Monday, 1 February 2016

Drastic solution 2.

I walk out of the front door and about 10' in front of me is a pieris which is partially hidden by a large camellia in front of it, for a while now a thought has been running through my head that the leaves didn't look bright enough but the weather hasn't been good and it never really caught the sun so I didn't pursue the matter until it actually dawned on me that all was not well and here was more sooty mould!

On further investigation I found it on the adjacent camellia although this was not as badly affected................

............................and on the skimmia which although adjacent to both is again not as badly affected. 

I disillusioned myself for all of a few minutes that the sooty mould was growing on the honey dew of a minor aphid infestation but it was not to be, on the camellia is the culprit, the egg case of the dreaded cushion scale.

I have a very large holly tree, which coincidentally has just been topped by a third, whose progeny spring up everywhere and don't always get grubbed up immediately if growing in areas of denser vegetation. These seedlings provide a further area for the cushion scale to thrive as holly is yet another susceptible genus.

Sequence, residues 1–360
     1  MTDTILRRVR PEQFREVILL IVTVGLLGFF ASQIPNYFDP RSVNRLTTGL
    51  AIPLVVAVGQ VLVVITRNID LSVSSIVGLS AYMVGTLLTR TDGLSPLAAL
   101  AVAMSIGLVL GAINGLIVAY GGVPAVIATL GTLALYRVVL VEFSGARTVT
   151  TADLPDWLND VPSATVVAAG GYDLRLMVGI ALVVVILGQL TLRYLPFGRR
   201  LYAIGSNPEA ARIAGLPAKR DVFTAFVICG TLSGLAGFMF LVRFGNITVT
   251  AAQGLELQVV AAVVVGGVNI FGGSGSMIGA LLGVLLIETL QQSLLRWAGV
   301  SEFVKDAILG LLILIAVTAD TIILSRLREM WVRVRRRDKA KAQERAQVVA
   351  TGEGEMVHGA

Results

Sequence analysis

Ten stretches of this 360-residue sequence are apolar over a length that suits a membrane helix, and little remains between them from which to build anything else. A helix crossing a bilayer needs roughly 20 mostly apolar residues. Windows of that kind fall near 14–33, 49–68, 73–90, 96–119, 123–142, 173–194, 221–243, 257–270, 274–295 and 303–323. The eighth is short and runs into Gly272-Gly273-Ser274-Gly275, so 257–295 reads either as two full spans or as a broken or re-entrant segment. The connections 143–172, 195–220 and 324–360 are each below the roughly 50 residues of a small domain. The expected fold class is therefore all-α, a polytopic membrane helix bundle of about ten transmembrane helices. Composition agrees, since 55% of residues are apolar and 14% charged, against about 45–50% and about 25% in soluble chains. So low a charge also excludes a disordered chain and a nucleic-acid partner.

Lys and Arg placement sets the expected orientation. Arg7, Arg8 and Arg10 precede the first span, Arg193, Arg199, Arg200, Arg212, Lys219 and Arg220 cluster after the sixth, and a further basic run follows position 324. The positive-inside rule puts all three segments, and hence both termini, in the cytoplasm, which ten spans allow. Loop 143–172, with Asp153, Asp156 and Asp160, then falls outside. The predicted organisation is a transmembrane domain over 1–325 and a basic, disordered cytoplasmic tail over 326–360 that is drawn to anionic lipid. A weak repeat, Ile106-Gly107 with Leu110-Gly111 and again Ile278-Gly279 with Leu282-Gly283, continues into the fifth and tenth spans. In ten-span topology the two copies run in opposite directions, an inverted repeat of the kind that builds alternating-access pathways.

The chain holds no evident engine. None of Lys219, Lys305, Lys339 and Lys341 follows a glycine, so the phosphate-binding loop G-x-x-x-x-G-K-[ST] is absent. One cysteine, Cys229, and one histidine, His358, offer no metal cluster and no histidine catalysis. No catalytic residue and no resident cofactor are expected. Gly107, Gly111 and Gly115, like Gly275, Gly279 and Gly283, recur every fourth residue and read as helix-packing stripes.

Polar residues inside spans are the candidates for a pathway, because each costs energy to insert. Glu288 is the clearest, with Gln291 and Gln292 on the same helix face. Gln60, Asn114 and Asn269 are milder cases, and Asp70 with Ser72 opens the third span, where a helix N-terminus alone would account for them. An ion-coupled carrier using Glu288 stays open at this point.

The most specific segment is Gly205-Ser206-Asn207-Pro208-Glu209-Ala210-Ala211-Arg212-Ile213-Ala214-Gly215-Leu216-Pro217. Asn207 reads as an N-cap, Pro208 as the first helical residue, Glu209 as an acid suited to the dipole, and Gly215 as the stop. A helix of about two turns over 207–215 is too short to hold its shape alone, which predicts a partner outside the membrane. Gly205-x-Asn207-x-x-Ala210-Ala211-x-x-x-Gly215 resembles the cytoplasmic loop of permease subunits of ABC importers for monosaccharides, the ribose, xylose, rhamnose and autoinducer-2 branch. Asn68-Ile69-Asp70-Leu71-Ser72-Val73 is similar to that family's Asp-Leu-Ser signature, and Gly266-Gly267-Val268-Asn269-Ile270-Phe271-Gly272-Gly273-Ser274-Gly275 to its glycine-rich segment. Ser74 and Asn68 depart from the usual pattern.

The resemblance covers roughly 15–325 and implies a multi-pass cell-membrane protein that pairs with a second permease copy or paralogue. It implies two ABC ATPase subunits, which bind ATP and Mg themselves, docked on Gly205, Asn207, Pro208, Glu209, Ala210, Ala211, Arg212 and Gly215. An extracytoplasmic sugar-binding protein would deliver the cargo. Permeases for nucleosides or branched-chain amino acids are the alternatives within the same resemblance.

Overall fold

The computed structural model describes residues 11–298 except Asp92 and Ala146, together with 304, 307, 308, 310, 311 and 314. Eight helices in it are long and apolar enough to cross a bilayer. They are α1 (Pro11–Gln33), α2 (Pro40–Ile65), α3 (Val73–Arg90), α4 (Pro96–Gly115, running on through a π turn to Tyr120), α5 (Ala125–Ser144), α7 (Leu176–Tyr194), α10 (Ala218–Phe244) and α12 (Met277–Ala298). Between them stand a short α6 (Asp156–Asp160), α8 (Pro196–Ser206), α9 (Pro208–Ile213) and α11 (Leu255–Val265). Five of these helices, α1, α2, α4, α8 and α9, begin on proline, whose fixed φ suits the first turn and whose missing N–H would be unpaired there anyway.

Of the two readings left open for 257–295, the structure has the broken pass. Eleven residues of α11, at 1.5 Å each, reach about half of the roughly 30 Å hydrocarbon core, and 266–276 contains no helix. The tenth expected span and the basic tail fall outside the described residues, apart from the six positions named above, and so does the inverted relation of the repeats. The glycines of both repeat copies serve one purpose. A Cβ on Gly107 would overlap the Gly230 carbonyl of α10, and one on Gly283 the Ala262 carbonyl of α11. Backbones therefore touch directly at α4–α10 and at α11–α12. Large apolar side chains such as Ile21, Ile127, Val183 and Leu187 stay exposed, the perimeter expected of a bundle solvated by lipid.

When I published my original post describing a rather drastic solution I was aware of small further infestations and in July dutifully sprayed all those plants I deemed susceptible with a systemic, it would now appear that I was a bit too complacent and that this has allowed the cushion scale to get a hold. 

Drastic Solution
The old ponticum is throwing up new growth as expected but there is no way that I am going to start cutting down the other infected plants. 

  • First off, when I can find a dry day! I will start regular spraying of the affected growth with a soap solution.
  • Every holly seedling I can find will be uprooted and sent away to the tip.
  • Start spraying with systemic insecticide at the end of May to make sure I catch the hatching pests. The large holly will also have to be sprayed as effectively as possible as it will always be a source of re-infection if left. 
  • The treatment will be repeated as necessary until the infestation is controlled.
This may seem rather a drastic approach chemically but this problem has been caused by me not taking things seriously last year and also trying to use as few chemical treatments as possible so I am afraid this is now personal! War has been declared!